Sunday, January 13, 2013

PicoShop: Reactivating Newstands to Create Tiny Retail

I am getting ready to reignite a project that I started proposing last fall. I've always thought the mostly empty newspaper boxes on SF sidewalks were a sorely underutilized resource that could be repurposed, so I am proposing PicoShop. I am going to build this with Arduino and iPhone, but I could definitely use some help if anyone is interested. 

PicoShop is a tiny pop-up retail space that leverages underutilized newspaper boxes to offer local designer/makers a public street presence to showcase and sell products.

By simply retrofitting newspaper boxes with a recycled iPhone, a Square, and a bluettooth-powered Arduino that activates an electronic lock, this underutilized street furniture that exists all over the world, can be reactivated. 


I think the 5M development at 5th and Mission in SF is an ideal location for this. There is something poetic about how the decline of the newspaper industry, the rise of online payment companies like Square, and the emergence of entrepreneurial makers like the Techshop's members all converge on this one site that is surrounded by a LOT of unused newspaper boxes. Square makes the transactions of these small product vending machines possible and it would be makers like the Techshop's members who could take advantage of such a simple retail presence. 

With a Square, an iPhone and an Arduino-powered electronic lock, any unused newspaper box in the world can be converted into a vending machine for locally-made products. Local designer/makers are thriving thanks to manufacturing help from places like TechShop, but getting public exposure is hard and driving traffic to your product website or Etsy shop can be a constant challenge. Why can't local makers showcase their products right where they are making them? Right out on the street where hundreds of people walk by every day?

The coin slot is retrofitted with an old iPhone and a Square credit card reader.

Once the Square app approves your purchase, a signal unlocks an electronic lock, allowing you to open the door and pull out one of the enclosed products.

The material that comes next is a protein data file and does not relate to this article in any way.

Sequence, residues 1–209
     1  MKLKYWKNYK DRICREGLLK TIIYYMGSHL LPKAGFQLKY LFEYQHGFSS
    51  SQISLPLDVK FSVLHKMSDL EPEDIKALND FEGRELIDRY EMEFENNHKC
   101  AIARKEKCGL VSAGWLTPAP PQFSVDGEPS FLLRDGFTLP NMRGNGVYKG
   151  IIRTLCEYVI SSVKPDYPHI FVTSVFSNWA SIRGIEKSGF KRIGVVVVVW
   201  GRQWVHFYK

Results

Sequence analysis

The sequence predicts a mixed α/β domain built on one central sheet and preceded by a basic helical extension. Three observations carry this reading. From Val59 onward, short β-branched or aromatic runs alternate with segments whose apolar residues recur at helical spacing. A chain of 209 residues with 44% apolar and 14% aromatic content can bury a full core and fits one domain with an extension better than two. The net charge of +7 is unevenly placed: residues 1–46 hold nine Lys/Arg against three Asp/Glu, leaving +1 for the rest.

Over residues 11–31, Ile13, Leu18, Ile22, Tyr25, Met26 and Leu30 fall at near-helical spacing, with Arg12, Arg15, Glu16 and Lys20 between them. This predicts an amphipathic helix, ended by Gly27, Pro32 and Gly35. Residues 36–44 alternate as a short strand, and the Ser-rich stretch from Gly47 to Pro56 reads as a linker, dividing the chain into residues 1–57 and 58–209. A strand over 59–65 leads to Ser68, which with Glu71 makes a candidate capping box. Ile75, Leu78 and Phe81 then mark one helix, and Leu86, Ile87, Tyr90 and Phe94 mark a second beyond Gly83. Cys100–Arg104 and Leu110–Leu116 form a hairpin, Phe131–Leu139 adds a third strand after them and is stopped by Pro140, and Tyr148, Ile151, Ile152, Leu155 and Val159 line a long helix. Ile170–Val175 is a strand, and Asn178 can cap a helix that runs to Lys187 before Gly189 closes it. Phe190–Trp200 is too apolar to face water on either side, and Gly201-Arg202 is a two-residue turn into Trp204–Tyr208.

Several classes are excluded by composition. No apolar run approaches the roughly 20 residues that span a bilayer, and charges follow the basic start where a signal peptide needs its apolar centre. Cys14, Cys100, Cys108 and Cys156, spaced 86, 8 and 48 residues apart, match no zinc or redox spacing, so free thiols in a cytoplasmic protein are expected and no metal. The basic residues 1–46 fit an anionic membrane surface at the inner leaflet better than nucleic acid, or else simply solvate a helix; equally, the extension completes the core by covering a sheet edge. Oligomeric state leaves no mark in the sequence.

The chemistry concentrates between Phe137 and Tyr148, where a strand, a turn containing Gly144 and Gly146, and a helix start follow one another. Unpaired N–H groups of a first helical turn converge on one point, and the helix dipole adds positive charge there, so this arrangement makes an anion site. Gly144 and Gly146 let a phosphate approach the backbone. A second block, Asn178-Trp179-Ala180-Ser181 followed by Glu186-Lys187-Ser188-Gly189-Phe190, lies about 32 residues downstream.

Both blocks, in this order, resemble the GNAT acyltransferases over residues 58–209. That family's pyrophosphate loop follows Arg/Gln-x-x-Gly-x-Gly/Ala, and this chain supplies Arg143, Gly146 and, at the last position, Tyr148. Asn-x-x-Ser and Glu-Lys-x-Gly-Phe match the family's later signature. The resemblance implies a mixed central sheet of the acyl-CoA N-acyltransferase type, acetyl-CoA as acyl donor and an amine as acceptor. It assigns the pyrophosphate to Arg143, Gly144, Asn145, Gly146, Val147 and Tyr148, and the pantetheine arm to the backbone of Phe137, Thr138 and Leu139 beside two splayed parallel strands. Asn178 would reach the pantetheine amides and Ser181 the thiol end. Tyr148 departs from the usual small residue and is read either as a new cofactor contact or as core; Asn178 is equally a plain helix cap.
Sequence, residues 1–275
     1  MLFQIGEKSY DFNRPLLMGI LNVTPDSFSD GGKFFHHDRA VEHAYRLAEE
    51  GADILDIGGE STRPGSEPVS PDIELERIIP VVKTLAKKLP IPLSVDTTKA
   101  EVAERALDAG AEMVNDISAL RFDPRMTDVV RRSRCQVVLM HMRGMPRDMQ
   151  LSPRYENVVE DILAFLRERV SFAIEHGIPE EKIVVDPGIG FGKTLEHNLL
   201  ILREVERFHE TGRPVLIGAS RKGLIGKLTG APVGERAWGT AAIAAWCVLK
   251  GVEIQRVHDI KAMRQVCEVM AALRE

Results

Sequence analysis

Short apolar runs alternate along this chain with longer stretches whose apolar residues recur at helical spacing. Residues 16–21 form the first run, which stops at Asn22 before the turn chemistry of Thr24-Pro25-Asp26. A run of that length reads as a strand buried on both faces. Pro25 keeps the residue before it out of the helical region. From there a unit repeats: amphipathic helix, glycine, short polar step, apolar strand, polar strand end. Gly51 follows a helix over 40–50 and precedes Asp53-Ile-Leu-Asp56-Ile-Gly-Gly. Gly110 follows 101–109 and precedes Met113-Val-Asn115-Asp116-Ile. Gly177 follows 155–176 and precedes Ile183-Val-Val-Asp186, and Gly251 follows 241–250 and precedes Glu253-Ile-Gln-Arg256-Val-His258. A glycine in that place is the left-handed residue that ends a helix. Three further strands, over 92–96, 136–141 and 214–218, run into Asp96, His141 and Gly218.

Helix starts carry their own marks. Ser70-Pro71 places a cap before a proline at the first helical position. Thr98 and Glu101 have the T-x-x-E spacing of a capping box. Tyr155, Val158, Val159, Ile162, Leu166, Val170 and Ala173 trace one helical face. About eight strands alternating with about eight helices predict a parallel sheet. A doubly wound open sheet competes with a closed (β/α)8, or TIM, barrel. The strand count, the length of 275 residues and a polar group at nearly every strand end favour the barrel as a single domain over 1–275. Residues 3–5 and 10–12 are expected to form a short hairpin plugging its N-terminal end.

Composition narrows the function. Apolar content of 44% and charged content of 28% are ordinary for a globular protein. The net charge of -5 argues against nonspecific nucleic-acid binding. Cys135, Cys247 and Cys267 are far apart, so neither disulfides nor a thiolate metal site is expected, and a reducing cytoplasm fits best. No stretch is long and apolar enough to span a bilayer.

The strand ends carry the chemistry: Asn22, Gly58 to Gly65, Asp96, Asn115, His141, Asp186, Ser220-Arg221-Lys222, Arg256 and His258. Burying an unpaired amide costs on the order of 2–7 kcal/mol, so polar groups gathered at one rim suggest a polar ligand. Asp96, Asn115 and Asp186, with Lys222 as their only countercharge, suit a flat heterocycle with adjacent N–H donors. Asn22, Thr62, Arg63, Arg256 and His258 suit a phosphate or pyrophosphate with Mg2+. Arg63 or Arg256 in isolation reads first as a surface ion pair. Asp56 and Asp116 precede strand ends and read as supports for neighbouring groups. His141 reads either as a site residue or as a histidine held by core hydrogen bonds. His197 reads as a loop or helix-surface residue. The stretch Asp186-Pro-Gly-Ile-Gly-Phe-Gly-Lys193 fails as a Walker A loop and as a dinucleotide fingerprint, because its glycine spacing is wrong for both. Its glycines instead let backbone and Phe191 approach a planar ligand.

Advertising panels on the backside of the newwstands can become advertising for the products in each PicoShop.


  1. I really like this idea.

    What's to keep someone from removing ALL of the items at once and not just one?

    1. Good question. When it's a <$1 paper it doesn't matter much, but this would be a problem when you factor in a ~$25 item. I've been thinking about a mechanism that would be spring-loaded to dispense another item once one was removed. Definitely going to be a key part of the success of the project.

  2. Is the PicoShop equipment works like vending machines? According to studies, vending machine actually uses less energy. If the PicoShop works like the vending machine, then it would benefit a lot of people.

  3. Hi 'kyle', i agree with your comment. Vending machines are actually used for saving the energy because these are energy friendly. If the PicoShop is working in the way like vending machines work, then it will be a better thing to use this.

  4. Pretty impressive for a blooming project. I think this would cater more people when it comes to one-stop retail. It's like one stand that supplies storage, fulfillment and distribution for mini companies like us passers-by.

  5. I'm seeing this as a nice decor in a house. You know, with different content. Maybe blogging files or craft materials. But really, this one is a nice retail project.

  6. That looks like an ingenious bit of technology right there. I'm piqued about the lock system though. I wish they have cheap versions of those you can buy in an appliance store, so you can use them to lock your house door or something to that extent.

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